Multiple Teddy Roosevelt pieces kept appearing in 2013. “The Big Burn,” first recommended to me two years ago by my friend Kate, is the gripping story of a huge forest fire that devastated Washington, Idaho and Montana in 1910. “Short Nights of the Shadow Catcher” examines the fascinating life of Edward Curtis, known primarily for his photographs of Native Americans. In both books, Roosevelt is a prominent character.
Timothy Eagan, a Washington author and favorite of mine, wrote both of the Roosevelt books. In fact, 2013 was a year of reading many books by favorite authors. They include (in addition to Eagan, Lee and Capote) Robin Cody (“Ricochet River”), Barbara Kingsolver (“Flight Behavior”), Michael Pollan (“Cooked”), Lee Smith (“Guests on Earth” and “The Christmas Letters”), Amy Tan and Luis Alberto Urrea (“Queen of America”).
Of that illustrious list, only Barbara Kingsolver disappointed. I’ve loved Kingsolver’s novels and nonfiction since I first read “The Bean Trees” in 1988. In her newest book, Kingsolver’s desire to address global warming and species degradation overwhelms her craftsmanship as a novelist. I thought the characters were two-dimensional and the message delivered with a much-too-heavy hand.
Finally, there are those books that may never fit into my 2013 puzzle, but which informed, inflamed and inspired me this past year. Susan Spencer-Wendel isn’t a great writer, but her autobiography “Until I Say Goodbye,” concerning her life with ALS, is so compelling it doesn’t matter. (Spencer-Wendel wrote much of her 384-page book on an iPhone, as she only has use of one thumb).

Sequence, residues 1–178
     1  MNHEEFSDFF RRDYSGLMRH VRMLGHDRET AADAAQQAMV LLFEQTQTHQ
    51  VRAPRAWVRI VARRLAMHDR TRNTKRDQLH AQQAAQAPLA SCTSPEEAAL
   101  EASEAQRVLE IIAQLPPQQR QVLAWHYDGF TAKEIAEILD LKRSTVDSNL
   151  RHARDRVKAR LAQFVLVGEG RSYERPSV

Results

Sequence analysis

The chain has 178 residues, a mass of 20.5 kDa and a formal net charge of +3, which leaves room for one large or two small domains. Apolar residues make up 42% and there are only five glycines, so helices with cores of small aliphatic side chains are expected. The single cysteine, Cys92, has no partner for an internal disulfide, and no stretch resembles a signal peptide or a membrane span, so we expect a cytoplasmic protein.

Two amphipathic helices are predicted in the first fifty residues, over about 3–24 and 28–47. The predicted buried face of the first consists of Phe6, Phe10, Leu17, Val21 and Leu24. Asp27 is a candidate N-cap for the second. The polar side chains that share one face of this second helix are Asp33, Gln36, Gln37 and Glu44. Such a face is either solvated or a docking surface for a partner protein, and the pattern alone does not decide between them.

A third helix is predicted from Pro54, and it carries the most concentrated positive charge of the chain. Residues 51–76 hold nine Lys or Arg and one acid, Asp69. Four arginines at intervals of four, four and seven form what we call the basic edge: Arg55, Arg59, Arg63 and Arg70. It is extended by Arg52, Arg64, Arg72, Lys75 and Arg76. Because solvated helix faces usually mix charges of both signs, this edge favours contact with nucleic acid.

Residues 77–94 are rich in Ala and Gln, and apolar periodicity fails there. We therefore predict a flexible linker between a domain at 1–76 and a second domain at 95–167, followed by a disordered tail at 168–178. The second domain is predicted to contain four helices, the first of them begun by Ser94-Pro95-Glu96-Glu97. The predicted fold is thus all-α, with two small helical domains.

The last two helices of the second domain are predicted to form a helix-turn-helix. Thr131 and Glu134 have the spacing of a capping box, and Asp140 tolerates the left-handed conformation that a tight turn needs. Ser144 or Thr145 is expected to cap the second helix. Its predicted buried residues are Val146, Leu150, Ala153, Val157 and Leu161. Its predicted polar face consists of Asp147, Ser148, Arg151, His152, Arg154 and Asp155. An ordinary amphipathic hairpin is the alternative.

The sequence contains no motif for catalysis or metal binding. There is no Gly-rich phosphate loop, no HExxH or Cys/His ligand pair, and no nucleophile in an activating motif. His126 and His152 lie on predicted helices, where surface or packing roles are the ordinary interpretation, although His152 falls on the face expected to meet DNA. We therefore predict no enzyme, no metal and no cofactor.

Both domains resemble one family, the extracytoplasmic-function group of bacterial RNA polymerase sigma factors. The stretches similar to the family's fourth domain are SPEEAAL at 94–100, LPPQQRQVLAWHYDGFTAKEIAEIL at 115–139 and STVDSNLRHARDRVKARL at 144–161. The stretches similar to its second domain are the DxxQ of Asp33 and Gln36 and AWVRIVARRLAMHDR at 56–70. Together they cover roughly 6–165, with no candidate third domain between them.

“Devil in the Grove” by Gilbert King retells the harrowing story of Thurgood Marshall and the four young African-American men he defended in a rape case in Florida during a time of abject racism. “Brother One Cell” is the memoir of Cullen Thomas, who as a young man seeking adventure did something stupid and landed in the Korean prison system for over three years. Rachel Joyce’s lovely novel “The Unlikely Pilgrimage of Harold Fry” affirms why we sometimes do crazy things in the name of friendship.
Lastly, there is “Whiplash: When the Vietnam War Rolled a Hand Grenade into the Animal House,” by Dennis R. O’Neill. The book, described as both nonfiction and fiction, is O’Neill’s somewhat autobiographical tale of how the Vietnam War affected a group of college students in the late 1960s.
We finished the jigsaw puzzle yesterday, broke up the pieces and returned the box to the dark closet. Perhaps we’ll pull that same puzzle off the shelf next year, as I most certainly will pull “A Christmas Memory” from my bookshelf during 2014’s holiday season. In the meantime, there are many more books to discover, and a new list to write.
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Bridge of the Gods Kite Fest 2016
Kiteboarders in action during the pro competition Friday at the 16th Annual Bridge of the Gods Kite Fest in Stevenson. All photos by Ben Mitchell. Enlarge